NEW YORK (AdAge.com) -- Microsoft has awarded its U.S. mobile-communications business to longtime agency partner Waggener Edstrom, which will partner on the account with Seattle-based marketing and communications firm Wexley School for Girls.
The mobile-communications business, which is part of Microsoft's Entertainment and Devices division, has been managed by Interpublic Group of Cos.' Weber Shandwick for the past five years. Weber, which referred all calls to Microsoft, and independent Edelman also pitched for the business. Both agencies are current and longtime Microsoft roster agencies.
Waggener and Wexley, which will take over the account July 1, will be charged with running strategic communications, traditional and digital public relations, media relations, and product launches that "will all pretty much be centered around the Windows Mobile business," said Tom Pilla, general manager of corporate communications at Microsoft. This is the first time in five years Microsoft has held a review for the business. "We go through these reviews routinely on different businesses every year or so," Mr. Pilla said.
Waggener, Microsoft's corporate agency of record, has worked with the software giant for 25 years. And while Wexley's relationship with Microsoft isn't a quarter of a century old, it has worked with Microsoft on a range of traditional, digital, grass-roots and product-launch projects in the past six years.
Crossed paths in the past
Frank Shaw, global president of the Microsoft account for Waggener, said the two agencies have crossed paths on efforts for Microsoft in the past but never worked together from the start. The two have partnered on corporate communications projects and assignments for Windows.
"We have been looking for the opportunity to work together from the outset of a project as opposed to intersecting towards the end," Mr. Shaw said. "We looked at this opportunity, and it made sense to come together as a joint team." The account will be run out of Waggener's Bellevue, Wash., office and headed by Melissa Havel.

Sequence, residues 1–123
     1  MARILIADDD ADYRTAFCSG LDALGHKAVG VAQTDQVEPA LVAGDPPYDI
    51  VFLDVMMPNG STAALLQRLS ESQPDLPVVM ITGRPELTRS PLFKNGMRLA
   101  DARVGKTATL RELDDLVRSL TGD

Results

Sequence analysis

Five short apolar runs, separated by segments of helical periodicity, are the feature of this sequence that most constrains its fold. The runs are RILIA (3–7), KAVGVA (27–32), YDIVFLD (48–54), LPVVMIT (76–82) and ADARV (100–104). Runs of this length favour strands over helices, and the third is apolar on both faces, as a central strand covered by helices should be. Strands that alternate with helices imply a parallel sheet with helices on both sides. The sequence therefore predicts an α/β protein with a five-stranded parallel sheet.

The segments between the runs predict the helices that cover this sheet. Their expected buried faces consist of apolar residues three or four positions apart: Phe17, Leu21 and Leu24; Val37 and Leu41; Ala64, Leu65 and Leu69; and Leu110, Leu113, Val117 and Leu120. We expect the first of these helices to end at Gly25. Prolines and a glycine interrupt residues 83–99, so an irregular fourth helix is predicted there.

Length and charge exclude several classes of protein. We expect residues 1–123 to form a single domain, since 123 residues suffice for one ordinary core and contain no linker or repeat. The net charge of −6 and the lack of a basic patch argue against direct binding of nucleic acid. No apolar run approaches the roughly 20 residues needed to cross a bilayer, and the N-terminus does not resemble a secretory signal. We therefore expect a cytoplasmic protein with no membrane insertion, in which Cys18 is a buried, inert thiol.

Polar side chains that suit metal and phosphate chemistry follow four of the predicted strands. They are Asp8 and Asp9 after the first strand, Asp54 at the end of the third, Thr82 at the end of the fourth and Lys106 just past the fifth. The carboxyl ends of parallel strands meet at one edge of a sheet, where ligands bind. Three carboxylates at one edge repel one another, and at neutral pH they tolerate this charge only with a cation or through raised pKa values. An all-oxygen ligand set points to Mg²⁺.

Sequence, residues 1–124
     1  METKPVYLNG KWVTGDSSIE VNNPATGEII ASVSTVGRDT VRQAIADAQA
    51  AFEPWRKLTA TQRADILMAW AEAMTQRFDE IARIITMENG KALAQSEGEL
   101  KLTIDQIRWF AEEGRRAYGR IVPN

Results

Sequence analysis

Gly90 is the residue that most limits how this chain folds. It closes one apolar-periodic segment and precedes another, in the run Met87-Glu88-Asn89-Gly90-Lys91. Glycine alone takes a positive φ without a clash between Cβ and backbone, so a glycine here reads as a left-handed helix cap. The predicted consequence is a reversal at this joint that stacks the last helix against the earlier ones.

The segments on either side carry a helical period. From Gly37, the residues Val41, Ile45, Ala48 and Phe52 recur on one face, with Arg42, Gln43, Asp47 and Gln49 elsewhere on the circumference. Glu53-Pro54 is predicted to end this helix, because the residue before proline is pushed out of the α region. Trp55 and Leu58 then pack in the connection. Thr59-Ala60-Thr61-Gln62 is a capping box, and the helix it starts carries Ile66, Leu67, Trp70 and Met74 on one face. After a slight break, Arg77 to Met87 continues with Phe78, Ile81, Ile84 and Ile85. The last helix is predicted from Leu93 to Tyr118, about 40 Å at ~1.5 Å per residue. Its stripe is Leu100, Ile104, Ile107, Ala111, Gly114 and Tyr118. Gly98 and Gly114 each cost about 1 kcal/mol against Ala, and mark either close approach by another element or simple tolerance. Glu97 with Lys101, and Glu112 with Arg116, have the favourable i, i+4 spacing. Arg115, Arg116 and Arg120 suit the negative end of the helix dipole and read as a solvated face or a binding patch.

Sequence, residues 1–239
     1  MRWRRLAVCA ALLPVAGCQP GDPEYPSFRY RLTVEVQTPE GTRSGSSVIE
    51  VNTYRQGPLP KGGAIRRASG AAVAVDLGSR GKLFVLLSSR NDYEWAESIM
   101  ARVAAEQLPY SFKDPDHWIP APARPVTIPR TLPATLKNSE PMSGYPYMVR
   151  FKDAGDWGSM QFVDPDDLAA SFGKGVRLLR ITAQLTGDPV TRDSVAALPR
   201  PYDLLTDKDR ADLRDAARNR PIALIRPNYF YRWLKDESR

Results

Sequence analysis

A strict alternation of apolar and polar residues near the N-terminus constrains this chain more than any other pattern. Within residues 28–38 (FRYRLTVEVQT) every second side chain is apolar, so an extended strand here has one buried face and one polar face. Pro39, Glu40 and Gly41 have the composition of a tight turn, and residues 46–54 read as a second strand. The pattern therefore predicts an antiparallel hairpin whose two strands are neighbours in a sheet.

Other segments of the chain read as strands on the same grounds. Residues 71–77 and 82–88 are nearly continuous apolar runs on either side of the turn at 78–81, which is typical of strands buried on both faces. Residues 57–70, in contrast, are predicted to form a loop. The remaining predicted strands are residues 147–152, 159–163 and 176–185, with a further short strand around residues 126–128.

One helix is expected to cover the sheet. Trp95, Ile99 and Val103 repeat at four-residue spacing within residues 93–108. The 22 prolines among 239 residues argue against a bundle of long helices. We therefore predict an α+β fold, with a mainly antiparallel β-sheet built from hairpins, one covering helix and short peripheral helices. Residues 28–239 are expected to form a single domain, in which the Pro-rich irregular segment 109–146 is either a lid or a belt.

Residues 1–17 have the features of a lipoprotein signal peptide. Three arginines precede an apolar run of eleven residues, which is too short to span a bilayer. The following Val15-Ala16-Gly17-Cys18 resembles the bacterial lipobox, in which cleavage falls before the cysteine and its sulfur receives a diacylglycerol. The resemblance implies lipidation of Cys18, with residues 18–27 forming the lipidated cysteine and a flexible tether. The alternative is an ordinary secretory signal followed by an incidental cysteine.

"We always built our strategies after the fact or integrated things late," said Brian Marr, managing director at Wexley. "By getting together right at the beginning and building the strategy together, we'll deliver something that will hopefully be exponentially better than if we bolted together later on down the line."
Mr. Pilla said Microsoft's relationships with Edelman and Weber will also continue.
"Both firms will continue to be valued engaged partners with Microsoft," Mr. Pilla said. "Weber will continue to support us in [Europe, the Middle East and Africa] and on MSTV and a bunch of other different accounts. And Edelman obviously does great work for us in terms of Xbox and other areas."
Revenue drops, perception rises
Last week Microsoft reported its first year-over-year quarterly revenue drop, but Bill Koefoed, general manager of investor relations, said the company has seen "measurable perception increase for Windows from our recent advertising campaigns. Specifically, our research shows that 10% increase in preference to Windows PCs since the campaign launched."
Microsoft also sold 1.7 million Xbox consoles during the quarter, up almost 30% from the same quarter last year.
Microsoft recently consolidated all of its direct-marketing business under WPP's Wunderman as part of a roster consolidation. And in March the company launched its latest round of consumer marketing, created by Crispin Porter & Bogusky, called "Laptop Hunters."
Interpublic's McCann is Microsoft's longtime lead creative shop, but the software maker has shifted many significant creative duties to Crispin and WPP's JWT in the past year. Universal McCann, also an Interpublic shop, is Microsoft's media agency.